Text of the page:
At least I got back from Michigan in time to see the last of the iris in bloom and pull out some of the biggest weeds.  Bigger weeds are much easier to find and pull when they get to the two foot stage, so I guess that’s a plus.

street front border

The front street border is well on its way to becoming the usual thicket with shrubs starting to crowd out the perennials.  One of my favorites is the yellow ninebark (Physocarpus opulifolius ‘Aurea’) in the back.

In the weekend before I left again I tried to triage my way through the garden, chopping what I could, pulling what I should, and planting anything that wouldn’t survive two weeks of neglect (the family is completely unreliable when it comes to watering and such).  To be honest I was more than a little sore as I stepped out of the car at the airport Sunday night.  I lived though, and hopefully when I return this weekend it doesn’t look too much worse than when these last pictures were taken.

Let’s continue the farewell garden tour along the front foundation bed.  Here the plantings are mostly lower maintenance and that’s a great thing this year.

ranch foundation planting

The blue fescue border has come back enough to look acceptable (but a better gardener would probably still dig and divide the clumps to freshen them up).  As the plantings settle in here, I’ve finally reached the point were I don’t not like the colors in this bed.

I am a little excited about one of the things in the front.  The sweet william seedlings I’ve been nursing along for three years have finally bloomed, and although they’re much too dark to be showy I think they’re absolutely cool.

dianthus sooty

Dianthus barbatus ‘Sooty’, a dark red selection of the old fashioned biennial sweet william.

We’ll skip the just-planted-the-day-before-I-left-again tropical garden and go right over to the back of the yard.  Here the weeds and grass seedlings have covered up the mud and muck of all the construction and we can finally just stare at our row of wind tossed Norway spruce.  There will be plenty of time later to complain about how dull and lifeless the new barrier is, but for now I’ll just stick to complaining about how much more grass there is to mow back there.  At least the chainlink fence is gone and the area looks neat…  maybe too neat… how boring…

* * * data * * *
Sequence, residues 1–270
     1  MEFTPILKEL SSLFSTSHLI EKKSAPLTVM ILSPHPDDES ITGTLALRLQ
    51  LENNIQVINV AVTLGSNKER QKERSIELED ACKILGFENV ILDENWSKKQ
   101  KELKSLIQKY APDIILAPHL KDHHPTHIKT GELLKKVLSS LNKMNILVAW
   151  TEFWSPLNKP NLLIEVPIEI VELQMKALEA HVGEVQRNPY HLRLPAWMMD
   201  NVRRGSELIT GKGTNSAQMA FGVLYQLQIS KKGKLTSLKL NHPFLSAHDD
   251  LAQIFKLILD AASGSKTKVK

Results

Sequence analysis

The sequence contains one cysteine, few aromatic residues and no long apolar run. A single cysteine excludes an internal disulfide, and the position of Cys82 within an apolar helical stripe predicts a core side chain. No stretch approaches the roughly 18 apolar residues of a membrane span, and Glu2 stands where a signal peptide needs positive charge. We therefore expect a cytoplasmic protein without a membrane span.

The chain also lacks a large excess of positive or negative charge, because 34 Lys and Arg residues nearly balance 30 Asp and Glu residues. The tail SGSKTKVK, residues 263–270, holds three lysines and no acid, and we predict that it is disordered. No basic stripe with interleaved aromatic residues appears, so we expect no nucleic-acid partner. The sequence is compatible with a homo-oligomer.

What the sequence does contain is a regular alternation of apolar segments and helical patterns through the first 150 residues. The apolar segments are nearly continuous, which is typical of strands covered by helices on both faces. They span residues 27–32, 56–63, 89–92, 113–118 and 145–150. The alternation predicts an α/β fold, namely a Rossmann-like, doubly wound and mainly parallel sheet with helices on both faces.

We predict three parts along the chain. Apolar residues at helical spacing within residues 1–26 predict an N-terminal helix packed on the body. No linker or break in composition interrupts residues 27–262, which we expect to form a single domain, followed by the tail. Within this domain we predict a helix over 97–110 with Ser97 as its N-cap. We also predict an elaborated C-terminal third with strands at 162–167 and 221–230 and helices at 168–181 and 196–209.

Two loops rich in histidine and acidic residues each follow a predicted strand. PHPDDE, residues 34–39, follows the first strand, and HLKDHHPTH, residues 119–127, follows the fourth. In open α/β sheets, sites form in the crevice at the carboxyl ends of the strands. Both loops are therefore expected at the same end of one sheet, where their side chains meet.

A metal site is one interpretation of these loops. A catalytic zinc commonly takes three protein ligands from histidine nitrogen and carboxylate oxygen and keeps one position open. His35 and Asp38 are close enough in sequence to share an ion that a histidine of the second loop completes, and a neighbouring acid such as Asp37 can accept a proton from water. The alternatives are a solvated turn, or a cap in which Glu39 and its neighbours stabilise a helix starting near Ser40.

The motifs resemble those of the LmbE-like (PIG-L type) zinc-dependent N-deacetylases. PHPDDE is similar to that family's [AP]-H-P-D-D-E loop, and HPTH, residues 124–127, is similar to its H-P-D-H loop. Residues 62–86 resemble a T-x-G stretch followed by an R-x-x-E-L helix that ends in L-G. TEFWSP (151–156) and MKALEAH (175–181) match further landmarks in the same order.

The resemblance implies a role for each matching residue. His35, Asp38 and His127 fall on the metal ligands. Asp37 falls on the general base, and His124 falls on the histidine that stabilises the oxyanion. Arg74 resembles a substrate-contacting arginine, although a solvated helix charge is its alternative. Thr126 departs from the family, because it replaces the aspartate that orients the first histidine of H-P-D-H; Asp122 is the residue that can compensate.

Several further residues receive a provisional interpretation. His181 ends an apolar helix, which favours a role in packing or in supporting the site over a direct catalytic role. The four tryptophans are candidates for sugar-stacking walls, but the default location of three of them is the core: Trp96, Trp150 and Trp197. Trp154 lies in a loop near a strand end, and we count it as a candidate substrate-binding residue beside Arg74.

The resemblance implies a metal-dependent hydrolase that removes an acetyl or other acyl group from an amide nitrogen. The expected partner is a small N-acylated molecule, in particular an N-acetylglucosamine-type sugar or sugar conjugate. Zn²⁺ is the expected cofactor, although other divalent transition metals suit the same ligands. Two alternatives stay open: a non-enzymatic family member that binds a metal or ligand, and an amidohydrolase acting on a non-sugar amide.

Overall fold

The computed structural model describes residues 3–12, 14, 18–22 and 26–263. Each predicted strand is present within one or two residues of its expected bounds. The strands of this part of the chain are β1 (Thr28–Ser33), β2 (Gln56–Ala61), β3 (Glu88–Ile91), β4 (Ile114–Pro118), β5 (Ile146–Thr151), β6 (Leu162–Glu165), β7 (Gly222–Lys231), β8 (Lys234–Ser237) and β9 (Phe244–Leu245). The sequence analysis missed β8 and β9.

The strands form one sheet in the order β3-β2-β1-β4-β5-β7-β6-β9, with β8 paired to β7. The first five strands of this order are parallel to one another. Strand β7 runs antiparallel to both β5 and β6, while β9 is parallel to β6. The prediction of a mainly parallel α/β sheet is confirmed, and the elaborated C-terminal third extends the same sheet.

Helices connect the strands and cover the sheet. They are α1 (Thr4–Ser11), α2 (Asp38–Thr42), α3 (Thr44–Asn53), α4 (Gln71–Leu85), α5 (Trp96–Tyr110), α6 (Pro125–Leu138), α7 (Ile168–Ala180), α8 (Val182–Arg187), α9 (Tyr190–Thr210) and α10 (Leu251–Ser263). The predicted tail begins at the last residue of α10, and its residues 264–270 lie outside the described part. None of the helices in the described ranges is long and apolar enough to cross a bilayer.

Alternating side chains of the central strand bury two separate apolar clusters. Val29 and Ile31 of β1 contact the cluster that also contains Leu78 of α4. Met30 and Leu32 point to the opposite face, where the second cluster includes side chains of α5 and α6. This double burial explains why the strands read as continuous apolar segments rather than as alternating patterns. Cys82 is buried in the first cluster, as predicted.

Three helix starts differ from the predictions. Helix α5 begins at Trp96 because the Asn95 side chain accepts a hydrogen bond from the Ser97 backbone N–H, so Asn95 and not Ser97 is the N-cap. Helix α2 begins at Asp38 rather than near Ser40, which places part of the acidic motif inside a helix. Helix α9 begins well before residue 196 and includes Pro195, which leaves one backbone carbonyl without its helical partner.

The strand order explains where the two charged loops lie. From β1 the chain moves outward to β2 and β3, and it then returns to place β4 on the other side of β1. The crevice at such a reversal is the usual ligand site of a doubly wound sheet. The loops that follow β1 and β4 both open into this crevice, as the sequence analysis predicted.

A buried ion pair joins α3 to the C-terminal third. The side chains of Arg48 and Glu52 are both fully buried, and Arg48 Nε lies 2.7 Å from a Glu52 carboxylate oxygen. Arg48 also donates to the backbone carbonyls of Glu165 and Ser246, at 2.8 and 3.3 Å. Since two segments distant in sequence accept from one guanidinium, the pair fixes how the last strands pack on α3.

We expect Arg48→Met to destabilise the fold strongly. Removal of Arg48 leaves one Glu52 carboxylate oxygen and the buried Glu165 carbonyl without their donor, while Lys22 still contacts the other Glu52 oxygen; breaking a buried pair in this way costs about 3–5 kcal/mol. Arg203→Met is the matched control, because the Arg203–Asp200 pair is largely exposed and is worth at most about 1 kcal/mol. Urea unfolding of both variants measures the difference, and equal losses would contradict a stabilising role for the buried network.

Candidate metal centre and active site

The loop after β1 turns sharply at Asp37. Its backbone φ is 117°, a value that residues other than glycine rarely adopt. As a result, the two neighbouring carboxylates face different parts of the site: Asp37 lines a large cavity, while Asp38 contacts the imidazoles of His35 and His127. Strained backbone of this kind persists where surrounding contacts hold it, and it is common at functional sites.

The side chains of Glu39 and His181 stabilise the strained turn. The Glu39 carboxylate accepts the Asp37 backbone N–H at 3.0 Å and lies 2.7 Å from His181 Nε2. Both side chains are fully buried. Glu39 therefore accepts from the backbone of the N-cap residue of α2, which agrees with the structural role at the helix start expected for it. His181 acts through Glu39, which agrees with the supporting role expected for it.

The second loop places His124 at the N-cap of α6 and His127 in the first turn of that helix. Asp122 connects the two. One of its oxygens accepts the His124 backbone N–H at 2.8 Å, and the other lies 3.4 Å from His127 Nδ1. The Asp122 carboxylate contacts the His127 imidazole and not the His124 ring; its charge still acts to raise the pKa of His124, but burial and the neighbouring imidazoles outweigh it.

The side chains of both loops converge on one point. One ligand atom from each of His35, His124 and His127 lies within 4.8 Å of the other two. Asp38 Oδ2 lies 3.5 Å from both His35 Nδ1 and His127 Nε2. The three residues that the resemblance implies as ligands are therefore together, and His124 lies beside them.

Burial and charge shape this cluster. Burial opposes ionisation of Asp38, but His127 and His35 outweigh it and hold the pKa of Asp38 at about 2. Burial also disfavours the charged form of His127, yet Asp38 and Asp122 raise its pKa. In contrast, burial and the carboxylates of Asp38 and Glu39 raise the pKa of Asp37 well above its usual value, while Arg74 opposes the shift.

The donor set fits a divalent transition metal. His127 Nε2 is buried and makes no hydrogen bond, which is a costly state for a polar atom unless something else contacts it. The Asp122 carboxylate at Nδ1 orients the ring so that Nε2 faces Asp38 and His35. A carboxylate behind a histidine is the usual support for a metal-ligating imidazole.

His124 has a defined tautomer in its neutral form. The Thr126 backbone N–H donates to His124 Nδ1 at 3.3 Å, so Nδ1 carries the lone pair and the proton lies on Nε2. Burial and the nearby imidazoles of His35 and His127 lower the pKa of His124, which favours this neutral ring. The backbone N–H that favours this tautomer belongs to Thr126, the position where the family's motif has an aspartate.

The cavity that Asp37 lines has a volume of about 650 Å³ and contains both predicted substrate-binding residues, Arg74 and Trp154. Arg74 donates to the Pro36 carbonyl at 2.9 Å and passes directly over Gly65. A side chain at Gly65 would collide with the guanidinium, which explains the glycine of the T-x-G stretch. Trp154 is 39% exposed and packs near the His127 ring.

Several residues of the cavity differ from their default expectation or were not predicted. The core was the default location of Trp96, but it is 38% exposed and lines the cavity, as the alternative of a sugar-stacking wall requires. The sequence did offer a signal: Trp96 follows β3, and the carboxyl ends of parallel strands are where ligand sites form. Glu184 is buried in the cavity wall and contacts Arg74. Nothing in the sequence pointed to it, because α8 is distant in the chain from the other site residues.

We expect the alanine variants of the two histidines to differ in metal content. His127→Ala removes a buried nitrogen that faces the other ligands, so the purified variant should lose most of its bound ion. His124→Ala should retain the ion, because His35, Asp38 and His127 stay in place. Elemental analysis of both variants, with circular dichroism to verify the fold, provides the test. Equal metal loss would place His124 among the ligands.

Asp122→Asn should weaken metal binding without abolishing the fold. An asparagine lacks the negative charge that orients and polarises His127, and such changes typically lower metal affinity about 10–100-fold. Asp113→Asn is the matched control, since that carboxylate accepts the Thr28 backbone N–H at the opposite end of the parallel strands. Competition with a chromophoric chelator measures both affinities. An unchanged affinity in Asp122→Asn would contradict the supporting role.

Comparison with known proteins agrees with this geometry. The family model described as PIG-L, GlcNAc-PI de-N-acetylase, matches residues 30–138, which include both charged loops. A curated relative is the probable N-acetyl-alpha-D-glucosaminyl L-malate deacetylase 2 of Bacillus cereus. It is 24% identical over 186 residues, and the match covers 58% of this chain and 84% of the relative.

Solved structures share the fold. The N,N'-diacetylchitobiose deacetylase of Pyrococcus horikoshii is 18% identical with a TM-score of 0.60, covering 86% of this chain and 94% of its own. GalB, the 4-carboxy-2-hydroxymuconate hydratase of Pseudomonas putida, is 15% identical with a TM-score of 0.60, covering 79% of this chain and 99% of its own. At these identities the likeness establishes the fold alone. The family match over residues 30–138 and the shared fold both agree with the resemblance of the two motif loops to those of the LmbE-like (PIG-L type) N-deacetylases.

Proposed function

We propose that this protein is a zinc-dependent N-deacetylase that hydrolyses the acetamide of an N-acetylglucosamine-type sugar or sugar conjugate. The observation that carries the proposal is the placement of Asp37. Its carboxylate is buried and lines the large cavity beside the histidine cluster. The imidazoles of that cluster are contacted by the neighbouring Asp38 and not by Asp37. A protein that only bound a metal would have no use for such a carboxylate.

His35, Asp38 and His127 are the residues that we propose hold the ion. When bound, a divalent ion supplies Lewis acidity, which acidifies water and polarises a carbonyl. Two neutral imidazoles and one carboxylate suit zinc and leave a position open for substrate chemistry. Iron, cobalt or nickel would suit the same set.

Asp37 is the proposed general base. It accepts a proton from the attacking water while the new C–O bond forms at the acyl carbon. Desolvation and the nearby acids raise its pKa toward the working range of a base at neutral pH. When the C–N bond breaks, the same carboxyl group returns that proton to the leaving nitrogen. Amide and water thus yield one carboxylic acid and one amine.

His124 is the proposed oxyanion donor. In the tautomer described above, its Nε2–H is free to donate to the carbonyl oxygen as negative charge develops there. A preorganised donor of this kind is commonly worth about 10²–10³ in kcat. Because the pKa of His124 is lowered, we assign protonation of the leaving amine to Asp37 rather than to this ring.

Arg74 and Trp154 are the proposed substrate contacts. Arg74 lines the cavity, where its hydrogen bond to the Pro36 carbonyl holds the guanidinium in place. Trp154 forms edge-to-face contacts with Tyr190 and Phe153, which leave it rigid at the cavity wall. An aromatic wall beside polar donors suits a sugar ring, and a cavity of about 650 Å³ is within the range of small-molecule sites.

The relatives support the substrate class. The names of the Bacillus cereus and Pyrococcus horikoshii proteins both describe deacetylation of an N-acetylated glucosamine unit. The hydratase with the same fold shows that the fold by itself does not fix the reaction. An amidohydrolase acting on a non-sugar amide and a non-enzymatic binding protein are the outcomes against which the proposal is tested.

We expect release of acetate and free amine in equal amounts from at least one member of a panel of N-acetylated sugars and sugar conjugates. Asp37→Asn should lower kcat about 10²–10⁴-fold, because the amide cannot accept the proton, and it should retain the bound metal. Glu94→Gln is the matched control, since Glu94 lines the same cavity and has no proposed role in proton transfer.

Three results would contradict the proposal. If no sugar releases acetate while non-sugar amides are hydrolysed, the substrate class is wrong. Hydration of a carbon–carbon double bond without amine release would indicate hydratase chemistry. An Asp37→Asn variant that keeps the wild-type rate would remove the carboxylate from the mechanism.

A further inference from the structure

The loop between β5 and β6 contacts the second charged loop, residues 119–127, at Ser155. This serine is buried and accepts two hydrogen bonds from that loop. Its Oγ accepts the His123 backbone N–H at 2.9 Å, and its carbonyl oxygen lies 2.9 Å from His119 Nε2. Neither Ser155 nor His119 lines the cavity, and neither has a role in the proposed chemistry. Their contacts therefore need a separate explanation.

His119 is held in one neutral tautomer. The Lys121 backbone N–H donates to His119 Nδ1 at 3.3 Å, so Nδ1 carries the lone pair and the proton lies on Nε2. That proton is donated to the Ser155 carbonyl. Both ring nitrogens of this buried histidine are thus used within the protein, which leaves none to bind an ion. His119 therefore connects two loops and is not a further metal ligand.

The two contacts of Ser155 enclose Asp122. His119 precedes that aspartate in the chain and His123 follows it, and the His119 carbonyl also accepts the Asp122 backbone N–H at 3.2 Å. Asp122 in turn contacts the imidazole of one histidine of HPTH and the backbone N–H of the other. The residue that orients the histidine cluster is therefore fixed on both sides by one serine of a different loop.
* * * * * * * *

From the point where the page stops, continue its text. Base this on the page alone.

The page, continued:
berm planting

You’re looking at all the fill I was planning on using to level my own backyard.  It’s all been covered nicely and seeded to lawn and I don’t think my mother in law would appreciate me bulldozering a few yards of it over into my low spots now, so guess who is out of luck…

With the completion of the berm we have far less dust and noise and lights streaming into our yard.  Those are all pluses which I need to remind myself of as I contemplate a fast-growing barrier of evergreens sapping the light and view from our back yard.  But it does look neat and tidy I guess…

ninebark physocarpus opulifolius diablo

More ninebark (Physocarpus opulifolius ‘Diablo’) in bloom.  I love the foliage and shape of these shrubs, and if the garden was bigger I’d add a few more.  Hmmmm, maybe the berm could use a couple 🙂

Iris are about the only other thing worth noting in the back.  Last year’s swampy soil killed off nearly all the modern hybrids, but the older cultivars just kept doing what they do, and have me considering devoting more real estate to iris again.

historic iris

The historic iris (these are mostly from the 40’s and 50’s) held on while their modern neighbors turned to mush.  Obviously a better spot with improved drainage would be another option, but I like the less is more approach 😉

I guess it’s only been a few years since the last time I decided to devote more property to iris.  Things go like that around here, but unfortunately in between planting passions other amazing ideas come up and things get crammed in all over.

historic iris darius

This was a decent iris spot a few years ago but plant a shrub or two, some colchicums, some climbers, build a support for the climbers, and before you know it the iris are struggling along in the shade.

Replanting a few iris this summer should be do-able even if it means time away from the pool and a little kick in the butt motivation.  Deep down inside I know it will be worth it next June when they crowd the borders with brilliant color.

Now if I can only first manage to get the deck planters planted.

ornithogalum dubium

The last bits from under the growlights.  There was an abyssmal lack of seeds sown this winter, but for some reason I needed the orange Ornithogalum dubium bulbs, a dozen canna seedlings, and one cool little pink and white alstroemeria seedling that looks dissapointingly similar to her parent.